« Missouri considering use of gas chamber | Main | New supplement for Sentencing Law and Policy casebook available »

August 26, 2006

Another strong Blakely opinion from Alaska

The story of Blakely in the states, which has been relatively calm of late, will really start heating up in the Fall when the Supreme Court two big state Blakely cases.  Usefully, Alaska continues to do great Blakely work in the interim.

On Friday, the state Court of Appeals issued Cleveland v. Alaska, No. A-9054 (Alaska Ct. App. Aug. 25, 2006) (available here), which holds that the existence of a single Blakely-compliant or Blakely-exempt aggravating factor is enough to authorize a judge to exceed the presumptive term and go all the way up to the maximum term, and that it is permissible for a judge to then find other aggravating factors under a lesser burden of proof than beyond a reasonable doubt.   As the helpful reader noted when sending me a link to this opinion, "Judge Mannheimer's decision contained an interesting explanation of the differences between the effect of aggravators in the Washington sentencing scheme at issue in Blakely and the effect of aggravators under Alaska's presumptive sentencing scheme."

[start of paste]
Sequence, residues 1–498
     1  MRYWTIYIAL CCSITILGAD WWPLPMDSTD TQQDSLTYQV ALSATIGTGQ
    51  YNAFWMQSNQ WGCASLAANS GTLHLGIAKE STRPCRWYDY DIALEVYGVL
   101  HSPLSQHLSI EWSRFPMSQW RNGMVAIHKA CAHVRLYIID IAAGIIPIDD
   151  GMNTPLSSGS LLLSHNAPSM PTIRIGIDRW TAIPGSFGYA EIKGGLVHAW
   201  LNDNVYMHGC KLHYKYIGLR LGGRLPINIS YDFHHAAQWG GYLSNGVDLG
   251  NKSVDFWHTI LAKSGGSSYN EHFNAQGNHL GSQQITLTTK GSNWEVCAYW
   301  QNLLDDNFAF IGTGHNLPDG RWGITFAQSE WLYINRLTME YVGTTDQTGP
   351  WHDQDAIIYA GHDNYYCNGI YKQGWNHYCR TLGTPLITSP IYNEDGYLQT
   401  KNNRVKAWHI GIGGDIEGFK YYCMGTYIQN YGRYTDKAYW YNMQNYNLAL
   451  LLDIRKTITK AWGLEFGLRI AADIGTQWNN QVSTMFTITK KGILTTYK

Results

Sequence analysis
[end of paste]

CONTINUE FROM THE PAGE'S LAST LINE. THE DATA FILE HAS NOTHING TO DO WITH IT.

Related posts discussing great Alaska Blakely opinions:

August 26, 2006 at 08:49 AM | Permalink

TrackBack

TrackBack URL for this entry:
http://www.typepad.com/services/trackback/6a00d83451574769e200d834abd8bb53ef

Listed below are links to weblogs that reference Another strong Blakely opinion from Alaska:

Comments

Doug, thank you for telling us about Cleveland. I concur with Judge Mannheimer that Apprendi facts are only those facts which, when found, increase the defendant's exposure to punishment above the level allowed by the verdict or plea standing alone. So, once a jury finds one Apprendi fact, or there is, like in Cleveland, facts of prior convictions which are exempt from Blakely, a judge can find other facts which affect the sentence within the range allowed.

Last week I filed a cert petition in the US Sup Ct for Carlson, claiming that ANY fact, be it an offender characteristic or an offense characteristic, is an Apprendi fact if it increases exposure to punishment above the maximum allowed under the verdict.

Bruce Cunningham

Posted by: bruce cunningham | Aug 27, 2006 3:44:18 PM

Post a comment

In the body of your email, please indicate if you are a professor, student, prosecutor, defense attorney, etc. so I can gain a sense of who is reading my blog. Thank you, DAB